Jesus speaks to the disciples about taking up a cross to follow him.

Luke 14:
25 Large crowds were traveling with Jesus, and turning to them he said:  26 If anyone comes to me and does not hate his father and mother, his wife and children, his brothers and sisters-- yes, even his own life-- he cannot be my disciple.  27 And anyone who does not carry his cross and follow me cannot be my disciple.

When we think of the cross, we think of a noble symbol of the greatest love in the Universe.  We think of the price of sin and how we have been reconciled to God.

But, at the time Jesus’ words were terrifying.  Imagine daily seeing the Romans torture and kill your neighbours by nailing them naked on a stake and leaving them exposed to die.  The cross was a symbol of oppression, power and making a spectacle of wrong-doers.  The criminal sentenced to death would carry his own cross to the place of death and face ridicule along the road from unsympathetic observers.

Jesus tells the disciples that this will be his destination.  If they want to follow Him, they need to wilfully carry their cross to the place of torturous death.  They must choose to have the false self crucified.  They must choose to be powerless and exposed.  We soften this to the word ‘vulnerable’.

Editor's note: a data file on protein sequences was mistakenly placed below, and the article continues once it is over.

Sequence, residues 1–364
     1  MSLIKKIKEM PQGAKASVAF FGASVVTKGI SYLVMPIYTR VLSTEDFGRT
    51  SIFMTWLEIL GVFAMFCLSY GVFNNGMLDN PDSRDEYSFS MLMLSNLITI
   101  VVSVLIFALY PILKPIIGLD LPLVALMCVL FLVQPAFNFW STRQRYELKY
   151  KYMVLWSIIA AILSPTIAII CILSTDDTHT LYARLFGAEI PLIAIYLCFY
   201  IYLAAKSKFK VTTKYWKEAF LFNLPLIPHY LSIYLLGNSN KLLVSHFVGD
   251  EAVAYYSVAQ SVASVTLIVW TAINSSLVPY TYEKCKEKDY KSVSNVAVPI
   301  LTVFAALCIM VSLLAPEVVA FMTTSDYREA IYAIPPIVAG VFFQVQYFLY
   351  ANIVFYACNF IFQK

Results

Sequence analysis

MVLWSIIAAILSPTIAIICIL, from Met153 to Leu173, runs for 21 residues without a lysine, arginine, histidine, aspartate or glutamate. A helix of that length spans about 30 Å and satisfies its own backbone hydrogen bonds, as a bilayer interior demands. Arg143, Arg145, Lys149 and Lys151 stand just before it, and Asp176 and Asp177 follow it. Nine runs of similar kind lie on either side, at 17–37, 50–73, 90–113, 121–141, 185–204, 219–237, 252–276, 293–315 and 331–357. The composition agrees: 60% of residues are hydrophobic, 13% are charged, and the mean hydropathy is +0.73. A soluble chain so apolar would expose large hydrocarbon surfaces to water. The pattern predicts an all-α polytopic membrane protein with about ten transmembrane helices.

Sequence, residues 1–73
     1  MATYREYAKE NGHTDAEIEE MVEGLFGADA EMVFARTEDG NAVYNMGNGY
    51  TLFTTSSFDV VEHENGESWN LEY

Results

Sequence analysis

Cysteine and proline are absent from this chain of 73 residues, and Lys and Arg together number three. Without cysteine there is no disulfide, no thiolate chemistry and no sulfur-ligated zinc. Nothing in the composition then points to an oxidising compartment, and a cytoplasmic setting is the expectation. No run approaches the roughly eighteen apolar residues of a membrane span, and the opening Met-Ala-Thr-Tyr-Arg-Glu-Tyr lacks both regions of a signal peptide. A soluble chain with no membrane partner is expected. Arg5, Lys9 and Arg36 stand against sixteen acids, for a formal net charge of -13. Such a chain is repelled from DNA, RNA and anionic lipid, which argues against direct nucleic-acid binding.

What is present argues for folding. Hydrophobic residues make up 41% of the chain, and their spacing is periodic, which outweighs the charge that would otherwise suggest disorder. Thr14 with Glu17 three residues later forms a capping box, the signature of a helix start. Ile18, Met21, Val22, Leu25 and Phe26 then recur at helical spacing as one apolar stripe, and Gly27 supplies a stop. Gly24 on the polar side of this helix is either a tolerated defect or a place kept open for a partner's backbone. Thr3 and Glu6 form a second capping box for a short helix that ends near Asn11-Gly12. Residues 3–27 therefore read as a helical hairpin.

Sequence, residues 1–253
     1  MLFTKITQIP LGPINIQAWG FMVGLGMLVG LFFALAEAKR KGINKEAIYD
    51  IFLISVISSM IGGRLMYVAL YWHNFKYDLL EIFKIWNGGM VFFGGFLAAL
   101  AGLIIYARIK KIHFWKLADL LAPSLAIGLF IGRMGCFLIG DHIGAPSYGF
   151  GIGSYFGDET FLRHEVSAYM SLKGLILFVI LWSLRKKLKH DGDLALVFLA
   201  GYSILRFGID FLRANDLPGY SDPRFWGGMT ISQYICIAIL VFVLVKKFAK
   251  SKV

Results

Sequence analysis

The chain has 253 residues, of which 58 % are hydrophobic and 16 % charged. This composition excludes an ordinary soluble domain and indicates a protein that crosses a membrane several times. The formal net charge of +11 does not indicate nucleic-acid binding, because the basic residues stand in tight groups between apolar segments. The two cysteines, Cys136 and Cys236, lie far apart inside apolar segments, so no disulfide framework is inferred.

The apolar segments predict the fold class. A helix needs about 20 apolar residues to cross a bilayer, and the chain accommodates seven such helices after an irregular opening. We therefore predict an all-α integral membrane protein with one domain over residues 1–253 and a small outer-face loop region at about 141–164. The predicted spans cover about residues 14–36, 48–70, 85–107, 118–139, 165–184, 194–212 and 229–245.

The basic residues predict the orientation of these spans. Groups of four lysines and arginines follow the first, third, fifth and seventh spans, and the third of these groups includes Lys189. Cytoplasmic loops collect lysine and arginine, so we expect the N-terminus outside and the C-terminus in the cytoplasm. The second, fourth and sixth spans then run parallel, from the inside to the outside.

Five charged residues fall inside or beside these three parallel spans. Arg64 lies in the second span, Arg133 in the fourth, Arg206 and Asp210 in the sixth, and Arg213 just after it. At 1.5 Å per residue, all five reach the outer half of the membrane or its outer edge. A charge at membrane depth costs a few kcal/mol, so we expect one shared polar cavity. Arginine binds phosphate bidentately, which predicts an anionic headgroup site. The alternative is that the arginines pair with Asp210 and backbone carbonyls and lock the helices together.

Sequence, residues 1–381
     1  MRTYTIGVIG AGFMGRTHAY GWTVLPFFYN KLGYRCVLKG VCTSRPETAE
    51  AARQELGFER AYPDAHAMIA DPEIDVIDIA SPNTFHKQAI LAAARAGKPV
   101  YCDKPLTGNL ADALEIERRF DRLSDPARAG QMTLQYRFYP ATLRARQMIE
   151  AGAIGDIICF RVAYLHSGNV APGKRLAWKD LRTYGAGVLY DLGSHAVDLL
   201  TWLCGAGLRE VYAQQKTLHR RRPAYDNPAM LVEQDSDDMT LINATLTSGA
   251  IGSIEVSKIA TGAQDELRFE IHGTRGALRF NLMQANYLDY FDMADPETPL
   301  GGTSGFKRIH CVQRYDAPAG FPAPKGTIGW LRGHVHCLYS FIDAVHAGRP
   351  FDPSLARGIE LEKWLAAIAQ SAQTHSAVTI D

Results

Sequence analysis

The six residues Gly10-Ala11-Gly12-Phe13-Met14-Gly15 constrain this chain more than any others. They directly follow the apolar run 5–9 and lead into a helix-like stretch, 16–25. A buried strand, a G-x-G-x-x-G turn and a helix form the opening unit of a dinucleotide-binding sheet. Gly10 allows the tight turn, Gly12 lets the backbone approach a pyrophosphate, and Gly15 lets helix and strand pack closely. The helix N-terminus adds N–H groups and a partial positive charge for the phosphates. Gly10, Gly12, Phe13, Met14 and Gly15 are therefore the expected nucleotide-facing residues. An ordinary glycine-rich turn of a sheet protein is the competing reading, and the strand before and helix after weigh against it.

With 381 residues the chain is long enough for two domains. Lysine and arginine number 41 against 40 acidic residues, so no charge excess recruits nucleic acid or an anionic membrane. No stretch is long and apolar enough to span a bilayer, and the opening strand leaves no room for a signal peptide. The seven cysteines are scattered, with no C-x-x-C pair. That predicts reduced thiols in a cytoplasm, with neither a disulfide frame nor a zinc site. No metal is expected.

Let’s begin with what Jesus didn’t mean. Many people interpret “cross” as some burden they must carry in their Christian lives: a strained relationship, a thankless job, a physical illness. With self-pitying pride, they say, “That’s my cross I have to carry.” Such an interpretation is not what Jesus meant when He said, “Take up your cross and follow Me.”
“Take up your cross and follow Me” means willingness to die in order to follow Jesus. It’s a call to absolute surrender.

The most remarkable thing in Jesus’ call to die is its result.  Just as one dying seed can produce a huge harvest of fruit, one surrendered life will have a positive effect multiplied times over.  Jesus’ death was always about making life bigger, not smaller.  In His resurrection, two millennia of hope and love have flourished.  His church has continued to bear fruit and do greater things than He did singularly.

There is a dark death-wish produced in the barren womb of the false-self.  It is a universal scam finding new suckers every day.  There is an appetite that cannot be satisfied and a longing that ends in destruction. 

Jesus came to save us from ourselves.  Will you accept His call to be a Kamikaze saint?  Will you choose the road that leads to the end of your self-centeredness? 

God is looking for your willingness to embark on a mission that will cost you your life, but multiply into a harvest of new life.